Make a Disaster Preparedness Plan


Disaster can strike at any given moment. It doesn’t matter whether you are in the confines of your home, or on vacation in the most peaceful paradise you can find; the threat of Mother Nature’s wrath is very real, and people often have to face the full force of earthquakes, tornadoes, hurricanes and typhoons, wildfires, avalanches, and any number of dangers. Even in places safe from most of these threats, people have to face equally dangerous scenarios such as transportation accidents, armed conflict, and terrorist attacks.

Thankfully, humankind is gifted with an ability called foresight; this is the ability to think ahead of the present, and anticipate future events. In the case of emergency scenarios, this means mankind has the ability to plan and minimize the dangers posed by disasters.

A good disaster preparedness plan is tailor-made to suit the situation, and/or the place where it is needed. For example, people deal with fires differently based on whether it is on a vehicle, at home, or in the wilderness. People also have different methods of dealing with a fire emergency and an earthquake emergency (though similarities arise between the two). However, all disaster plans have one thing in common: they allow survivors to get out alive.

The first part of any disaster preparedness plan familiarizes the individual with all escape routes. Almost every household, transport hub, hotel, and restaurant is designed to take into consideration that there are at least two ways to leave any room in the event of an emergency. By keeping an eye out for these escape routes, the odds of becoming trapped in a room are minimized, no matter what the danger. Knowing escape routes doesn’t just mean the building too. It is imperative to know where to go once outside for emergency services such as medicine in case of physical injury, shelter in case of continuous danger, or fire-supported “green zones” in the event of armed conflict.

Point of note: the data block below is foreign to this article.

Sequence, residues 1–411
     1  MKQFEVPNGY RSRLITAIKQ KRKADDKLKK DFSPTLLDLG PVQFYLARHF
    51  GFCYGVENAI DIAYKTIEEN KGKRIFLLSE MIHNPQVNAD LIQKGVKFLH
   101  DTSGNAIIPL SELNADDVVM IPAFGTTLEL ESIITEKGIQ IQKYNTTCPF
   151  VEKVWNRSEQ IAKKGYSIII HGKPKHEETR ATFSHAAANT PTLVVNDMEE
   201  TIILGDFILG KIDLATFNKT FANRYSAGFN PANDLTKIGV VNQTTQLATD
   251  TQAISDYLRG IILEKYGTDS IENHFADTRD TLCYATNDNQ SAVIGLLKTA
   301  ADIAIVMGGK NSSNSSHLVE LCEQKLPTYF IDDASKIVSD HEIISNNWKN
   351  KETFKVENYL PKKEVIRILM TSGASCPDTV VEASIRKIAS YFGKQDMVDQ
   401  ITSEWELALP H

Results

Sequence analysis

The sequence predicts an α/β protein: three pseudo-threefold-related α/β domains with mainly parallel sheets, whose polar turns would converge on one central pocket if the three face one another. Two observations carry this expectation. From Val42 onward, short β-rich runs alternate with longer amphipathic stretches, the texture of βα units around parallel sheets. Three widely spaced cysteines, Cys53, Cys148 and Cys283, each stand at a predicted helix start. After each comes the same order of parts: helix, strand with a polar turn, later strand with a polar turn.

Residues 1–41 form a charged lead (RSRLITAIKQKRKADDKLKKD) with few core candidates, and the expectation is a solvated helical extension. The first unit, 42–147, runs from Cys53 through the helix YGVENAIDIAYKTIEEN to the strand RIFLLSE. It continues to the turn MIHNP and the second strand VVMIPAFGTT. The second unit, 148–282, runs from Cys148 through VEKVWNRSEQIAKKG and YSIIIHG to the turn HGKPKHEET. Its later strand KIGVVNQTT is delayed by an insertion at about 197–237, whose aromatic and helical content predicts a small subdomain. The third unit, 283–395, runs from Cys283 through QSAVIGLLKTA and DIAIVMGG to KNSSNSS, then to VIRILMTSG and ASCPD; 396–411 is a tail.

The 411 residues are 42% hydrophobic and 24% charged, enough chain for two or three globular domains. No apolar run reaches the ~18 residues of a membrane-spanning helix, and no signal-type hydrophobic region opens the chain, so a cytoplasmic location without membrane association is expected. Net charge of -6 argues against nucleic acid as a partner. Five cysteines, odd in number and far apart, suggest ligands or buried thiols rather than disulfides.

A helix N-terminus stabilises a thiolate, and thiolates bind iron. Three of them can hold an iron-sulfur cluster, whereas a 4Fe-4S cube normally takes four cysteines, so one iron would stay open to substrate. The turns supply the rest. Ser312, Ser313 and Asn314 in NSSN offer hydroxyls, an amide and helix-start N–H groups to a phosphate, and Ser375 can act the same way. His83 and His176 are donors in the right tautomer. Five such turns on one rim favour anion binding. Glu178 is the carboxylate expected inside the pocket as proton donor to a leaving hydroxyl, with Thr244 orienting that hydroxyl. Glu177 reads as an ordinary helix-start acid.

It is also imperative to follow safety procedures during evacuation. Fire demands keeping low to avoid toxic smoke. Earthquakes require individuals to keep under the most solid structures such as tables and desks. Most facilities have safety manuals distributed, so it is advisable to try and find one upon entering in case an emergency occurs. Good contingency plans clearly disseminate information about likely scenarios and the proper course of action during these events.

Most disaster preparedness plans also require that those involved run drills on how to deal with emergency scenarios. For example, schools and other academic institutions hold fire and earthquake drills every semester to make sure that the system still works, and that the personnel and students are informed and ready should disaster strike.

Another problem that a disaster contingency plan must address is communication; this means calling for help, sending out messages about what happened, and receiving instruction on how to deal with the crisis. Emergency lines are readily available in most public and private buildings, and even a cell phone can be used to contact appropriate authorities to avert the danger.

Finally, when it comes to disaster preparedness, regular maintenance of the system is required to keep as many people safe as possible. Any structure that looks as though it wouldn’t hold up to an emergency – stairs, elevators, doorways, walls – must be repaired as soon as damage is found. Even individuals not involved with the maintenance of the building can help by reporting any flaws they notice.